Default

Now that Jon removed the requirements of having had to have graduated school only 5 years ago, I voted. No, back in the (PreCambrian) days I graduated, we were not introduced to anything "energy". It was all about "softening" muscles by massaging into them. We learned "lymph flow" patterns which I can barely remember now.
__________________
Diane
www.dermoneuromodulation.com
SensibleSolutionsPhysiotherapy
HumanAntiGravitySuit blog
Neurotonics PT Teamblog
Canadian Physiotherapy Pain Science Division (Archived newsletters, paincasts)
Canadian Physiotherapy Association Pain Science Division Facebook page
@PainPhysiosCan
WCPT PhysiotherapyPainNetwork on Facebook
@WCPTPTPN
Neuroscience and Pain Science for Manual PTs Facebook page

@dfjpt
SomaSimple on Facebook
@somasimple

"Rene Descartes was very very smart, but as it turned out, he was wrong." ~Lorimer Moseley

“Comment is free, but the facts are sacred.” ~Charles Prestwich Scott, nephew of founder and editor (1872-1929) of The Guardian , in a 1921 Centenary editorial

“If you make people think they're thinking, they'll love you, but if you really make them think, they'll hate you." ~Don Marquis

"In times of change, learners inherit the earth, while the learned find themselves beautifully equipped to deal with a world that no longer exists" ~Roland Barth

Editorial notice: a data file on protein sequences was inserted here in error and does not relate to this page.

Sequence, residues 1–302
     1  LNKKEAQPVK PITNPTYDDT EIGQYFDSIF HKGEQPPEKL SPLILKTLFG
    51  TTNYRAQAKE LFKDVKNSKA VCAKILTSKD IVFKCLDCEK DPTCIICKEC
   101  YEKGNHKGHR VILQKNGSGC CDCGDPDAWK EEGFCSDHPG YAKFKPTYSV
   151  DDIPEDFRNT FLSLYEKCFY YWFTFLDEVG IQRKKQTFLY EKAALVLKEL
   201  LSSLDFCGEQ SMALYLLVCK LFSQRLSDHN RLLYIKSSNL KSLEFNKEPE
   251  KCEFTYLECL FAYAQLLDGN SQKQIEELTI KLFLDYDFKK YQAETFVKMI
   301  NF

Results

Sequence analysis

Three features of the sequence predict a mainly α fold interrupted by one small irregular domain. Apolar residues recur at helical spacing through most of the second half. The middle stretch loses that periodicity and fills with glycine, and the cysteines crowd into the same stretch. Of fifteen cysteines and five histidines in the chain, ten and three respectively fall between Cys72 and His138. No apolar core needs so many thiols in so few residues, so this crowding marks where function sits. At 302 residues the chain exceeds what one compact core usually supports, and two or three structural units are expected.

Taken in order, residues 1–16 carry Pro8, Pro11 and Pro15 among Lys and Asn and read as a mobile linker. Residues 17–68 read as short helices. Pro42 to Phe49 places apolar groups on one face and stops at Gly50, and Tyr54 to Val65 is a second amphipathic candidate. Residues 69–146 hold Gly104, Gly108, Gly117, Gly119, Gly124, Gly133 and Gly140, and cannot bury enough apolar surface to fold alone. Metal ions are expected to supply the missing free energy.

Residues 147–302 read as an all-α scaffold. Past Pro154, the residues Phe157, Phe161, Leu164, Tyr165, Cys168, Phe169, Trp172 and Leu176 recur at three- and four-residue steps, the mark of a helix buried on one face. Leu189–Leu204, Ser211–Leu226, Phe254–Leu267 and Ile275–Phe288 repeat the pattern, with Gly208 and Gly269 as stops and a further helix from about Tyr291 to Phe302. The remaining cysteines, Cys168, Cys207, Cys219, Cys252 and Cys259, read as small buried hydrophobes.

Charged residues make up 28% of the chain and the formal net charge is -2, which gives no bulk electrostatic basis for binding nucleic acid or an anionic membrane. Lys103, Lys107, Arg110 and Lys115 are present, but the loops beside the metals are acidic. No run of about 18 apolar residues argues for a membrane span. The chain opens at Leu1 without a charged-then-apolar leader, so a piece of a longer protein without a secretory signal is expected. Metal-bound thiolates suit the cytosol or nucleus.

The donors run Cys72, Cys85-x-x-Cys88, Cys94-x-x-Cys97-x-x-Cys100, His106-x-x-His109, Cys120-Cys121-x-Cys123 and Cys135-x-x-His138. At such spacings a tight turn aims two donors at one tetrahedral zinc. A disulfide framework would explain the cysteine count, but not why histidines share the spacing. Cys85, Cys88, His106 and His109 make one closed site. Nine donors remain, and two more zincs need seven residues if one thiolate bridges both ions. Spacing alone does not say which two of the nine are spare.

"Doubt is not a pleasant mental state, but certainty is a ridiculous one."~Voltaire
Diane is online now   Reply With Quote
Old 21-01-2008, 11:11 PM   #12
nari
NeuroNut Evangelist
 
nari's Avatar
 
Join Date: Mar 2004
Location: ACT Aust
Posts: 8,232
Thanks: 1,417
Thanked 462 Times in 327 Posts
Default

As I graduated in Archaean times (pre-preCambrian), there was not the slightest mention of energy; massage was taught strictly along the lines of increasing lymph and blood flow.
There was a vague mention of increasing muscle tone but not emphasised. Even PNF was taught along the lines of patterning for brain changes, but nothing outside of muscle and joint movement to achieve this.
In fact, I recall several lecturers who went on to do great things in global dissemination of (neuro)muscular methods; there was emphasis always on being kind to the patient. This aspect was lost somewhere along the line, as we began to brutalise tissue and joints.

However, passive joint mobilisation hadn't been invented as Maitland was still considering Still's work; electrotherapy ruled; hot packs had not been invented; knowledge of the brain was something considered as only useful for stroke and head injury management.

Some things haven't changed.

Nari
nari is offline   Reply With Quote
Old 21-01-2008, 11:29 PM   #13
Line M
Soma learner
 
Join Date: Feb 2007
Location: NL
Posts: 82
Thanks: 0
Thanked 0 Times in 0 Posts
Default

Jon, nice this poll thing.
About 20 years ago we had lessons of meridian massage included in our massage curriculum of the PT education and the colour meridian mentioned above does come to my mind again. These are lost in practice.
__________________
i keep wondering.......................

Last edited by Line M; 21-01-2008 at 11:40 PM.
Line M is offline   Reply With Quote
Old 22-01-2008, 02:22 AM   #14
Sarah
SomaSimpler
 
Join Date: Dec 2005
Location: Michigan
Age: 39
Posts: 126